Of the 4,871 new single-family permits issued during the first eight months of 2011, 1,040 of them, or 21 percent, were issued in El Paso County alone. According to new single-family August permit data by county, released yesterday by the Census Bureau, the counties with the largest numbers of single-family permits issued during the first half of 2011 were El Paso, Douglas, Denver, Larimer and Arapahoe.
New single-family permits from Jan-Aug
El Paso 1040
(Note: All permits discussed in this article are single-family permits.)
However, when permit totals are adjusted to the number of existing housing units in each county, the counties with the larges amounts of permit activity were Chaffee, Park, Douglas, El Paso and Weld.
The first map shows the relative amount of single-family permit activity adjusted for the existing size of the housing stock in each county, thus creating an index value. The counties are then broken out in quartiles reflecting the amount of single-family activity compared to other counties. The top quartile has the largest amount of new permitting compared to the number of existing units. The bottom quartile has the smallest amount.
Top Q: Brown
2nd Q: Green
3rd Q: Orange
Bottom Q: Yellow
No data: White
In absolute terms, and as expected, the counties with the largest populations have the most permit activity. But when adjusted to the number of existing housing units (as shown in the map), the hot spots for single-family permits right now are Douglas, Park and Chaffee and El Paso counties. Weld, Teller and Adams and Broomfield counties land in the second quartile.
During the first eight months of 2011, the areas with relatively few new single-family permits relative to the size of the existing stock are Pueblo, Jefferson, Denver, Arapahoe and Boulder counties.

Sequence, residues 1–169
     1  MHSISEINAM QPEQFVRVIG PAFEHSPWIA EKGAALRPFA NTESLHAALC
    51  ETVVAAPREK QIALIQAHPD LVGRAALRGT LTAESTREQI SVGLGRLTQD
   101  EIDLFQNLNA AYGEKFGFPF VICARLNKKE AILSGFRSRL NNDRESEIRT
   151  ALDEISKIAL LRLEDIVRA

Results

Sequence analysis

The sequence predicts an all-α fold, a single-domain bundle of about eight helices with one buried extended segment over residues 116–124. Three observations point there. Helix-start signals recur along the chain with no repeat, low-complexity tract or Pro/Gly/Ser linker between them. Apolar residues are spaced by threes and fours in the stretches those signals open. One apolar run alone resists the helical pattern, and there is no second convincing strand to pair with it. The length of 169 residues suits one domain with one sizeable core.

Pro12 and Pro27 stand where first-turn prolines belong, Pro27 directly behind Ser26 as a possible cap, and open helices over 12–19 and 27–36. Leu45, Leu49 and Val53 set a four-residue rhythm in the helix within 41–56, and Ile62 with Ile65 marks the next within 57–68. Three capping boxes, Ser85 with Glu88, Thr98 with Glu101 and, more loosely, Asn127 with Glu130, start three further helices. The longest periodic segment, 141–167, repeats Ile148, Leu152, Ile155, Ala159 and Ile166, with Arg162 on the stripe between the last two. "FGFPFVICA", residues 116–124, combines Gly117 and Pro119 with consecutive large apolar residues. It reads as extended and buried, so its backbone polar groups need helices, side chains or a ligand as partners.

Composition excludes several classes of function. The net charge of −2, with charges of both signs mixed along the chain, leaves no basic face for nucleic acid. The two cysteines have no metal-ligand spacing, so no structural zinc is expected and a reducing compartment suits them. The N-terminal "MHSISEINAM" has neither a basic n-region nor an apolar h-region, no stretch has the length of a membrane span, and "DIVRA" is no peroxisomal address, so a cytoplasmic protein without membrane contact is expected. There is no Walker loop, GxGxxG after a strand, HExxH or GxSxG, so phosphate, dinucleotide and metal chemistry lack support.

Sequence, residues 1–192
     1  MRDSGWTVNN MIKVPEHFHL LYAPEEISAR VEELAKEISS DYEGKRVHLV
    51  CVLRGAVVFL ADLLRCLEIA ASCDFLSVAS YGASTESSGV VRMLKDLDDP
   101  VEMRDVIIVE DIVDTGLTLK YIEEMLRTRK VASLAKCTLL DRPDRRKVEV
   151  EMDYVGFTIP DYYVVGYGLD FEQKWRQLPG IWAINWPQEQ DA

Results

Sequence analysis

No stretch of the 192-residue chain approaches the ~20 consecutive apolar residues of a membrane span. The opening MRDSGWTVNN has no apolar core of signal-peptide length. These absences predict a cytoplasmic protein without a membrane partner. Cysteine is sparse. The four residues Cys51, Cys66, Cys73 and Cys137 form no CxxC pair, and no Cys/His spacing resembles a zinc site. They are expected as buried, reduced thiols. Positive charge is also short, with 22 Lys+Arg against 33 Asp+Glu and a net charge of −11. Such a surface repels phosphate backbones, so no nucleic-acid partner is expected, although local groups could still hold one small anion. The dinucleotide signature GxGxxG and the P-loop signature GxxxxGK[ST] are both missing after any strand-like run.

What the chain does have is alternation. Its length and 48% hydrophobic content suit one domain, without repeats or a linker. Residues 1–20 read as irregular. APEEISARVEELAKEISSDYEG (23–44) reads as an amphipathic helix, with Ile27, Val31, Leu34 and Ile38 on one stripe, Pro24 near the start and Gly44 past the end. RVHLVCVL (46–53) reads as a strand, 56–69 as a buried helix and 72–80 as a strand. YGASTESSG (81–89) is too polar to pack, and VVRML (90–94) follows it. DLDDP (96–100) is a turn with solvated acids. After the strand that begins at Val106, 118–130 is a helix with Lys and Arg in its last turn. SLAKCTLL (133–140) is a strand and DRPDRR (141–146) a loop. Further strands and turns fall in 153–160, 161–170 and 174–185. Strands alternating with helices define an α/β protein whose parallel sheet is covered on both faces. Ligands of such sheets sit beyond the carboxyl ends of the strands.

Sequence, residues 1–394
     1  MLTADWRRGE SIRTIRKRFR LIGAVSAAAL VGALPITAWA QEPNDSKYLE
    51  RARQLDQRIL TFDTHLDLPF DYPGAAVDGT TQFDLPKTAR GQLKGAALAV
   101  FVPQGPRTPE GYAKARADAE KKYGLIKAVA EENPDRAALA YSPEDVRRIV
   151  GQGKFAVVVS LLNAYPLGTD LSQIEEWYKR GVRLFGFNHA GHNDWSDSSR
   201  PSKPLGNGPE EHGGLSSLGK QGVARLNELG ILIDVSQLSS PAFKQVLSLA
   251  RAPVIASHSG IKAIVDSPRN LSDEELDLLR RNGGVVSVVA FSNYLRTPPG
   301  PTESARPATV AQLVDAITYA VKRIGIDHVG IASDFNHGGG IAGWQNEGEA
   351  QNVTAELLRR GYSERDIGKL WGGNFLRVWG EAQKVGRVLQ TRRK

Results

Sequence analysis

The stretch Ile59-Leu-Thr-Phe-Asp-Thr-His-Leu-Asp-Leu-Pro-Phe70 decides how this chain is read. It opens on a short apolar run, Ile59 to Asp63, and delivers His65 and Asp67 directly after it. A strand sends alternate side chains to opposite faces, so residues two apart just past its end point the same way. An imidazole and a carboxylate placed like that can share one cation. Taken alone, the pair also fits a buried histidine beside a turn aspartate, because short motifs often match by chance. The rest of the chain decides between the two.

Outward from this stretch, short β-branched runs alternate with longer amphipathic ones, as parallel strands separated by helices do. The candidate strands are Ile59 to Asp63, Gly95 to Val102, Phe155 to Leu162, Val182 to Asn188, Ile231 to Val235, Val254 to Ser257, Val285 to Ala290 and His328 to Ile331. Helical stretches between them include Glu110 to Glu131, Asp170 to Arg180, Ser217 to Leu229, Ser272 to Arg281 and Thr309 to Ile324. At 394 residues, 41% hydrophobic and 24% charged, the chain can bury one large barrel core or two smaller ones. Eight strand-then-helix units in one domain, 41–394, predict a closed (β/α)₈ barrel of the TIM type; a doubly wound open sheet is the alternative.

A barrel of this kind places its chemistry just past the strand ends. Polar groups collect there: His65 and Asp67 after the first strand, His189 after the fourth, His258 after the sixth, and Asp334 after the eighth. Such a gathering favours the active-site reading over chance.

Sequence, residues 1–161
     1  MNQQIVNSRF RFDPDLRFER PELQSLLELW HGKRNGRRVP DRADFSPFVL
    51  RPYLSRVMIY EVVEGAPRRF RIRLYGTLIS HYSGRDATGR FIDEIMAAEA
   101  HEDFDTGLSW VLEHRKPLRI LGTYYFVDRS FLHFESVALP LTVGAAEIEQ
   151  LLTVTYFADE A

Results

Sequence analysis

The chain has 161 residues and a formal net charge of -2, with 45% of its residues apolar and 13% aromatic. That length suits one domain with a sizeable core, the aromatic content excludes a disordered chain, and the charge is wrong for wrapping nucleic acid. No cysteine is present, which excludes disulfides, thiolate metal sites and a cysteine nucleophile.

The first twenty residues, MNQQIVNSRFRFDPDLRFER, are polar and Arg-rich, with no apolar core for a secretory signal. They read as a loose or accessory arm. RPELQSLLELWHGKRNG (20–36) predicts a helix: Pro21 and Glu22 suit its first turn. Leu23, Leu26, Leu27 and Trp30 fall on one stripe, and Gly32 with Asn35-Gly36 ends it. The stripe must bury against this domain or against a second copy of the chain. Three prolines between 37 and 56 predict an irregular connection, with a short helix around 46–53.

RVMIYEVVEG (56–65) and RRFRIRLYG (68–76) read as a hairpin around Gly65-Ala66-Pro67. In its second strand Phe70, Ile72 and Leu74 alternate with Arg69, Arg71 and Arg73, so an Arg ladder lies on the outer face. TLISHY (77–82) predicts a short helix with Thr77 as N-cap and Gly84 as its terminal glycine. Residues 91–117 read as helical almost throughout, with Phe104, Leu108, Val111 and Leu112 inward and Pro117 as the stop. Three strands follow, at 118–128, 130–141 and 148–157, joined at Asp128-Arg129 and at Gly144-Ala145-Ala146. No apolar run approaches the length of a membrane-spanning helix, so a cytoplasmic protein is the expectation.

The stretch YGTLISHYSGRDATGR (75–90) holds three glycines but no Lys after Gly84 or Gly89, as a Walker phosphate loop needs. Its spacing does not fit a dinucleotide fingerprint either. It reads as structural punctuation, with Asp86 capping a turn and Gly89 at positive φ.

In the larger context, single-family permits remain well below totals experienced prior to 2007. From 2006 to 2008, single-family permits in the state decreased 60 percent from 31,000 to 12,000. Permit activity appears to have bottomed out in 2009. When disussing permit activity from 2008 to the present time, we're looking at permit totals that are near 20-year lows. (See here for more.)
See here for a discussion on historical permit data by county.
It is also helpful to see which counties have shown the largest increases and decreases in permit activity. In the map below, we see that comparing the first eight months of this year to the same period last year, Larimer and Teller counties were among the counties with the largest increases in single-family permit activity. Boulder, Jefferson, Denver and Douglas counties also showed increases. On the other hand, permits decreased in Mesa, Weld, Adams, Arapahoe, El Paso and Pueblo counties.
Brown: Increase of 25 percent or more
Green: Increase of 1 to 24.9 percent
Orange: Decrease of 1 to 24.9 percent
Yellow: Decrease of 25 percent or more
White: No data or no change
Largest increases among metro counties:
Larimer 53 percent
Teller 43 percent
Boulder 6 percent
Jefferson 4 percent
Denver 2 percent
With relatively large numbers of new permit activity in 2011, and with a year-over-year increase in each county, both Larmier County and Douglas County show solid demand for new permitting at this time. In spite of year-over-year declines in totals, El Paso County continues to report a significant share of the state's overall permitting activity while Weld county reports a surprisingly large number of new single-family permits in the wake of very high foreclosure totals. Much of the new permit activity in Weld county is likely coming from expanding communities in southern Weld County.
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